It is a known fact that vaccines save lives, so why do people continue to not get vaccinated? Vaccines can quite literally save children’s lives. They save 2.5 million children from preventable diseases every year, according to a United Nations Foundation partner organization. The CDC estimated that childhood immunization prevented 419 million illnesses and between the years 1994 and 2018 it saved 936,000 children from early deaths.
Getting vaccinated also protects the people around you, and future generations. If a population is vaccinated against a contagious disease there will most likely not be an outbreak of that disease among those people. It protects future generations by protecting the fetus from viruses when a mother is pregnant. Women who are pregnant and were vaccinated as a child against rubella greatly decreased the chance of passing the virus to their child, which eliminates birth defects.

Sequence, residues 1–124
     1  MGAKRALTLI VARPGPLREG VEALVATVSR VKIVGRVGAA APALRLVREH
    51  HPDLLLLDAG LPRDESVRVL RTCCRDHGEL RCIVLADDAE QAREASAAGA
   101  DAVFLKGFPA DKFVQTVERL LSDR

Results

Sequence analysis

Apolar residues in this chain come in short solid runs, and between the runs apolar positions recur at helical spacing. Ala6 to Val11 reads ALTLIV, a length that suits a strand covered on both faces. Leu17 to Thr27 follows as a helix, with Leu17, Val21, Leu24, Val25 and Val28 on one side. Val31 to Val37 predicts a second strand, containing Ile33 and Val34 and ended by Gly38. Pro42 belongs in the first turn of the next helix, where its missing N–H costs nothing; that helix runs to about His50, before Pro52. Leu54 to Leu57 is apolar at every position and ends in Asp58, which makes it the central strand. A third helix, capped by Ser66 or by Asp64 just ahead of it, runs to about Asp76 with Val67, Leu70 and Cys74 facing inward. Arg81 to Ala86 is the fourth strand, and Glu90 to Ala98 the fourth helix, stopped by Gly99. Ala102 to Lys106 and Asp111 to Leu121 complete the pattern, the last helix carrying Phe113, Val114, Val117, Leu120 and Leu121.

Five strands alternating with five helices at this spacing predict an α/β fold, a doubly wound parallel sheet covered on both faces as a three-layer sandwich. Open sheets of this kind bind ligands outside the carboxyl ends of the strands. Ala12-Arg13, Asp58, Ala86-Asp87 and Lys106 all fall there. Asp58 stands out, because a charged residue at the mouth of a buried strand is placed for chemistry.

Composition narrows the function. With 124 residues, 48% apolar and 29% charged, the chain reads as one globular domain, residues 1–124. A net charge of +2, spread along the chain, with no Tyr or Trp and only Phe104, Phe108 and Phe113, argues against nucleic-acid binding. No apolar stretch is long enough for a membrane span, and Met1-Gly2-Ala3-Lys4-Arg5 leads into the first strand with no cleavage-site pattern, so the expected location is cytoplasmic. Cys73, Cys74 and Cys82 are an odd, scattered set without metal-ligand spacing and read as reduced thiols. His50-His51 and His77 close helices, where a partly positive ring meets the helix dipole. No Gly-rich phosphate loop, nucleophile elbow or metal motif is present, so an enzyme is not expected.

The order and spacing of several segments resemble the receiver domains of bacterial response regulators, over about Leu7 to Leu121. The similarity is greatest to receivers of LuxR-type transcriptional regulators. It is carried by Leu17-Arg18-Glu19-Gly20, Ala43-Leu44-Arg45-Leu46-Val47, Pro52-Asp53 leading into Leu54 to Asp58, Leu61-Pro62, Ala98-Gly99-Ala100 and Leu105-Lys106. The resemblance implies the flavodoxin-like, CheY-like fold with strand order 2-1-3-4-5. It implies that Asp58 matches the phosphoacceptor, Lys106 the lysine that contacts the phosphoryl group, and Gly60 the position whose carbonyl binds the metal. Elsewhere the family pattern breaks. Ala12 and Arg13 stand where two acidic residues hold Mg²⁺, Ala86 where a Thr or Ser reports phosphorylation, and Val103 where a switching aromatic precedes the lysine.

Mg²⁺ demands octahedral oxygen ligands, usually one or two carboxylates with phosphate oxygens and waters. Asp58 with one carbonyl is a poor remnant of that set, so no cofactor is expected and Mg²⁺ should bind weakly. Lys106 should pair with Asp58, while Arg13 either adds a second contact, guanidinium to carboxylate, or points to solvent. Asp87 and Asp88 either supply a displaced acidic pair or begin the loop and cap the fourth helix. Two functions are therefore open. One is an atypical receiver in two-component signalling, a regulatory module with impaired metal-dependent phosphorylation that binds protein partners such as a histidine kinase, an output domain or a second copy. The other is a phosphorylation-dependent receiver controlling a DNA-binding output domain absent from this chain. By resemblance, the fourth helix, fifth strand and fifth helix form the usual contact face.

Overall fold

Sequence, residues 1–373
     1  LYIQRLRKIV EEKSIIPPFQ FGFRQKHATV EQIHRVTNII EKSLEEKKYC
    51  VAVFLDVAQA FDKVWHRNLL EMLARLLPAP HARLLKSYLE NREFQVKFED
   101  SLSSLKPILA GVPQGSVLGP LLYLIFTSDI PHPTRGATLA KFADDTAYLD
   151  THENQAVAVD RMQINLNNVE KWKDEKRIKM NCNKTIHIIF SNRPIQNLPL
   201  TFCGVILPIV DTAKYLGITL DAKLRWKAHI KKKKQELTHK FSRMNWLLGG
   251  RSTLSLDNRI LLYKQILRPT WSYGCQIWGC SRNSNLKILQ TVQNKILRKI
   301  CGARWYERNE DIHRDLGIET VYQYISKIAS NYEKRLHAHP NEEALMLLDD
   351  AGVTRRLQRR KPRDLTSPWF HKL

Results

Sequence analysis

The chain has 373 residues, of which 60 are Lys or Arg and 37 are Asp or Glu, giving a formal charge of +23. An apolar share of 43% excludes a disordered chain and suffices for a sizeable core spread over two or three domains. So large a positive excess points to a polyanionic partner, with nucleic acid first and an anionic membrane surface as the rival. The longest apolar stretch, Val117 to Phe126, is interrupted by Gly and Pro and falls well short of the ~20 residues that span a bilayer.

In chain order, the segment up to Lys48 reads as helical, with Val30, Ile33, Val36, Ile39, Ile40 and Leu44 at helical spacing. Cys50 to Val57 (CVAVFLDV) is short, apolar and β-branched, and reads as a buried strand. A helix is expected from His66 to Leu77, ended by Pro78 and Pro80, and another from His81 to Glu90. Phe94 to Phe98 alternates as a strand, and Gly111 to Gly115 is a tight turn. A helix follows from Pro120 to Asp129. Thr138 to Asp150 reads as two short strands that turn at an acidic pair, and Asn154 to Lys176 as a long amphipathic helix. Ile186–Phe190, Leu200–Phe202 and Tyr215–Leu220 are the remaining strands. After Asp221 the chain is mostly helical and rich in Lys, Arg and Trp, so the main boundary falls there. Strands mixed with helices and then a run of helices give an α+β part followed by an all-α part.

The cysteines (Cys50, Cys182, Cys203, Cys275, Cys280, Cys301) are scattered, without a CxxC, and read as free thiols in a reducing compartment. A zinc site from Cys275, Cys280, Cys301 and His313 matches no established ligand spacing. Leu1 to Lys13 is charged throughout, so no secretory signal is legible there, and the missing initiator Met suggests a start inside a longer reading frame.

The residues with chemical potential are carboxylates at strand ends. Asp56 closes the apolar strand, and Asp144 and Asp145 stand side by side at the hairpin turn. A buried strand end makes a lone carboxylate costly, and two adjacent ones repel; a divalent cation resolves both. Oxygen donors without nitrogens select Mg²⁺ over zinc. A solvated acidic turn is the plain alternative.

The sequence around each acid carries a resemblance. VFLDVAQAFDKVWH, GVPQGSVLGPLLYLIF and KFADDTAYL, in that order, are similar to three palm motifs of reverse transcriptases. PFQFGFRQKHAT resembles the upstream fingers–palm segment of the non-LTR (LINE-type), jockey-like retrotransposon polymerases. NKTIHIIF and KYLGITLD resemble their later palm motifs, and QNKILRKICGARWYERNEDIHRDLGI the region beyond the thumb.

Not getting vaccinated puts those around you at a greater risk. Vaccines are “possibly the most important modern medical advance and have saved countless lives.” Maintaining high vaccination rates protects the entire population. In the United States, vaccines are covered by insurance or Medicaid and the Vaccines for Children programme requires children in all 50 states to have certain vaccines in order to attend public school, but the vaccines required vary by state.